Shell Chief Executive Jeroen van der Veer at a press conference today
    "We are investing for the future of society so that people can live the life they want. That is our job."

    Despite the surge in full-year profits, up 9 per cent from 2006, there was disappointment with the figures in the City.

    Analysts had been pencilling in underlying "clean" profits for the fourth quarter of more than $5.8billion, but the figure came in at $5.7 billion.

    Upstream production, which accounts for more than half of profits, averaged out at 3.315 million barrels of oil or their gas equivalent a day, just squeezing in to the forecast of between 3.3 million and 3.5 million.

    That itself had been a major downgrade from the 3.8 million Shell had previously predicted. The company today said it expected production levels to fall again in 2008.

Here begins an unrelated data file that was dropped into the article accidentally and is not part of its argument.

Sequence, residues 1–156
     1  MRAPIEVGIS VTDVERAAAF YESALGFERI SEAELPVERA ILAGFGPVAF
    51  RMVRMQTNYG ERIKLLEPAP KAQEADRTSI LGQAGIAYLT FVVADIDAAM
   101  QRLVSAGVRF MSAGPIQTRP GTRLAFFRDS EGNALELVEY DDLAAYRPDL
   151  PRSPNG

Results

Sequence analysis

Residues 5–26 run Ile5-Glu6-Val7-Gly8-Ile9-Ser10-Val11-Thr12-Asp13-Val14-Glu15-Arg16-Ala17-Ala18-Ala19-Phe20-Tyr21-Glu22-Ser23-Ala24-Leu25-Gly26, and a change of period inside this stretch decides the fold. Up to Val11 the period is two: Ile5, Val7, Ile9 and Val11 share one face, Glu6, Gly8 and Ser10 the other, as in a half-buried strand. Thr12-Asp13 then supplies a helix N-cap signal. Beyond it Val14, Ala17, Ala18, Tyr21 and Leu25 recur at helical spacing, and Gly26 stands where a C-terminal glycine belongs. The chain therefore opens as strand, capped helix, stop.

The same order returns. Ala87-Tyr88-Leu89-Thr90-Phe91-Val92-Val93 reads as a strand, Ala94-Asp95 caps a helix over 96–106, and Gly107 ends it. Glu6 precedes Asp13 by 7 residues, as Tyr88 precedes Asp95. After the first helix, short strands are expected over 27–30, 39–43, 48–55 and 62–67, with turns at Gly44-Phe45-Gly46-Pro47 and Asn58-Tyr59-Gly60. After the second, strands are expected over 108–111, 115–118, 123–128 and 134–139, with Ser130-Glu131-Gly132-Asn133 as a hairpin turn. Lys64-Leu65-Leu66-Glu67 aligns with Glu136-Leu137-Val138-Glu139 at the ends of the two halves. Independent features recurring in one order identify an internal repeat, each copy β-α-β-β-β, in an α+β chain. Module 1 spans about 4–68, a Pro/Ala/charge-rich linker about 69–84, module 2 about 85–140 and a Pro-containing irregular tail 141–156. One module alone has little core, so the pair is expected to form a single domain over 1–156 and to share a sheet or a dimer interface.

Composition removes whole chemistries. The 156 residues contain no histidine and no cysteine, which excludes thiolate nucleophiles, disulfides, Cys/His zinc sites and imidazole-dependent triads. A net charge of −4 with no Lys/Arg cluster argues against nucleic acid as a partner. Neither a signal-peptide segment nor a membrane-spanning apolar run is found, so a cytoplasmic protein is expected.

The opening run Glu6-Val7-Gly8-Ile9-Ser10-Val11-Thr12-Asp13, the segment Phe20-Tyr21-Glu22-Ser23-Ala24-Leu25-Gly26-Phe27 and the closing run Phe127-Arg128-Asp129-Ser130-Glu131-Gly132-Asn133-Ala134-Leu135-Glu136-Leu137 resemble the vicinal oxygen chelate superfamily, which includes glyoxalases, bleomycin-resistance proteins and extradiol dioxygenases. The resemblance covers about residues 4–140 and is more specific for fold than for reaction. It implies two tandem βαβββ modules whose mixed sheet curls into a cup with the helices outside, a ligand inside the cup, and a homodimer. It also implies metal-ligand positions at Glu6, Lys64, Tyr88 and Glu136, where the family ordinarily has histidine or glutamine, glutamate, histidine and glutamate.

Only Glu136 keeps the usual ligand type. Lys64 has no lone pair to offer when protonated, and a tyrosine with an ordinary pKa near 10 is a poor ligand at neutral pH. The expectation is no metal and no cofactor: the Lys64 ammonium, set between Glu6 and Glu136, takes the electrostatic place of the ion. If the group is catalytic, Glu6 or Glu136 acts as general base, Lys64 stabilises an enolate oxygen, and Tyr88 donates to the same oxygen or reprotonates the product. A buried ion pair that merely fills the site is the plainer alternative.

The biggest issue for Shell is the shutout from wells it has been co-producing in *****ia - potentially 800,000 barrels a day - where local militia continue to demand that the world's major companies quit the ***** Delta.

    Jeroen van der Veer, the chief executive of Royal Dutch Shell, said: "These are satisfactory results. We have made good progress in 2007, launched new projects upstream and downstream, and achieved exploration success."

    The fourth-quarter dividend is up 11 per cent at 36 US cents, and the company said it would be increasing this year's first-quarter payout by a similar amount to 40 cents.

  3. #3
    Member DR_GONZO's Avatar
    Join Date
    Mar 2005
    These companies need more tax breaks!

  4. #4
    Join Date
    Mar 2007
    What do we want! An end to corporate taxation! When do we want it? Now!

    Glug Glug Glug...